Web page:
MARCH 22, 2018
CHATTANOOGA'S WEEKLY ALTERNATIVE
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INSIDE THIS ISSUE VOLUME 15, ISSUE 12 • MARCH 22, 2018
BREWER MEDIA GROUP Publisher James Brewer, Sr. FOUNDED 2003 BY ZACHARY COOPER & MICHAEL KULL
EDITORIAL Managing Editor Gary Poole Assistant Editor Brooke Brown Music Editor Marc T. Michael Film Editor John DeVore Contributors David Traver Adolphus Adam Beckett Rob Brezsny Jessie Gantt-Temple Matt Jones Ernie Paik Rick Pimental-Habib Alex Teach Michael Thomas Addie Whitlow Editorial Interns Adrienne Kaufmann Austin M. Hooks Cartoonists Max Cannon • Rob Rogers Jen Sorenson • Tom Tomorrow
Hair Today, Gone Tomorrow The thought of a woman with a shaved head may conjure images of irrational, crazy ladies like the loud mouthed Susan Powders, Debra in Empire Records or the infamous Britney Spears breakdown.
ADVERTISING Director of Sales Mike Baskin Account Executives Rick Leavell • Libby Phillips Danielle Swindell • Logan Vandergriff
THE FINE PRINT: The Pulse is published weekly by Brewer Media and is distributed throughout the city of Chattanooga and surrounding communities. The Pulse covers a broad range of topics concentrating on music, the arts, entertainment, culture and local news. The Pulse is available free of charge, limited to one copy per reader. No person without written permission from the publisher may take more than one copy per weekly issue. The Pulse may be distributed only by authorized distributors. Contents Copyright © 2018 by Brewer Media. All rights reserved.
A MUSICAL JOURNEY DEEP INTO THE WOODS
Back in January, columnist Alex Teach wrote about an innovative approach to treating the opiod injection epidemic in Philadelphia, with the implementation of "safe injection sites".
CONTACT Offices 1305 Carter St. Chattanooga, TN 37402 Phone 423.265.9494 Email email@example.com Website chattanoogapulse.com Facebook @chattanoogapulse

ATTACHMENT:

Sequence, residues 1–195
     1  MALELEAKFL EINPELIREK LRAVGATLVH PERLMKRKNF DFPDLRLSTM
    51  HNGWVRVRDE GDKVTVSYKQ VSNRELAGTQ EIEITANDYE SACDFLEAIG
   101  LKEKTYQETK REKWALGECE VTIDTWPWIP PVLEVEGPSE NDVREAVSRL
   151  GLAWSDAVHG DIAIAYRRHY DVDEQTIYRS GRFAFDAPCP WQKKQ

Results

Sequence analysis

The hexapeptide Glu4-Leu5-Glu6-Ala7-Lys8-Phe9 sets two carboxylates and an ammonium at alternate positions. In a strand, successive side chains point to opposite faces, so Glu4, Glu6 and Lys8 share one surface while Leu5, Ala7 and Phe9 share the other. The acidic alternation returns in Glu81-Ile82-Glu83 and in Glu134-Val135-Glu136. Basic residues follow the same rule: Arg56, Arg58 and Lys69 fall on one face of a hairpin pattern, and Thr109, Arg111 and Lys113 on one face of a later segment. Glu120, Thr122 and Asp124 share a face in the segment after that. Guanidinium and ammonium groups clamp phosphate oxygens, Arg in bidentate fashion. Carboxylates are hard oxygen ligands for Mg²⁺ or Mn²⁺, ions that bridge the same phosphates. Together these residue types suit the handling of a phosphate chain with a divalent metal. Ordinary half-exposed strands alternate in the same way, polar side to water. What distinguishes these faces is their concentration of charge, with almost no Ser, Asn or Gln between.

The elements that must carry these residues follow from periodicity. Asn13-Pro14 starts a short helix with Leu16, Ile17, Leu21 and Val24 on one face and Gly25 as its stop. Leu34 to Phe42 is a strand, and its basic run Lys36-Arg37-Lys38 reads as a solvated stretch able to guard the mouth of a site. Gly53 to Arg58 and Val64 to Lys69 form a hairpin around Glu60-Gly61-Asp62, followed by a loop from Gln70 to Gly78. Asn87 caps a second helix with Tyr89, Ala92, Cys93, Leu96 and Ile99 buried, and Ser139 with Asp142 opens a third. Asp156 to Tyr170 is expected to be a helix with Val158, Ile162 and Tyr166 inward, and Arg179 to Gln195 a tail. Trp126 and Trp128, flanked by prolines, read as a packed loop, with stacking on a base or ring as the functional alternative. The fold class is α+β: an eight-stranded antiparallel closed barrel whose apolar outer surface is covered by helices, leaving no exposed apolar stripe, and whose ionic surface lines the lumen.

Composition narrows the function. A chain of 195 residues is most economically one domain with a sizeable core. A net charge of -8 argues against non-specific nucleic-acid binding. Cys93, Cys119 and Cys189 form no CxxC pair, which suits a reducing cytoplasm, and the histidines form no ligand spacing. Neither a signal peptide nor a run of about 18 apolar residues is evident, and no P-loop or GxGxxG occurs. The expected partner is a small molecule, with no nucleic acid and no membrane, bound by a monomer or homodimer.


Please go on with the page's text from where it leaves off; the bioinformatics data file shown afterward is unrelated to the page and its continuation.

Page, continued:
TAKING A BOLD STEP FORWARD
While some might argue differently, there has never been a good video game movie. Sure, there have been some watchable ones. Some are delightfully campy.
To be considered a fairy tale, most of these “tales” require happy endings. However, while there are happy endings, there are also stories behind those happy endings. 9 AIR BAG
TOMB RAIDING FOR FUN AND BOX OFFICE PROFIT
MUSIC FOR THE PEOPLE... AND FOR THE TREES
The latest solo album Sprig from the classical contemporary guitarist and composer Gyan Riley captures him reflecting growth, as his ideas are transformed from small seeds into a larger presence.
20 MUSIC CALENDAR
24 FREE WILL ASTROLOGY
11 NEW IN THEATERS
23 MUSIC REVIEWS
25 JONESIN' CROSSWORD
14 ARTS CALENDAR
24 THE LIST
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BEGINNINGS · CITY LIFE
Taking A Bold STEP Forward Chattanooga CARES unveils an innovative new program to help battle the harm caused by the opioid epidemic By Michael Thomas Pulse contributor
The purpose behind Chattanooga CARES launching STEP TN is to reduce the spread of HIV/ AIDS, viral hepatitis, and other blood borne diseases.”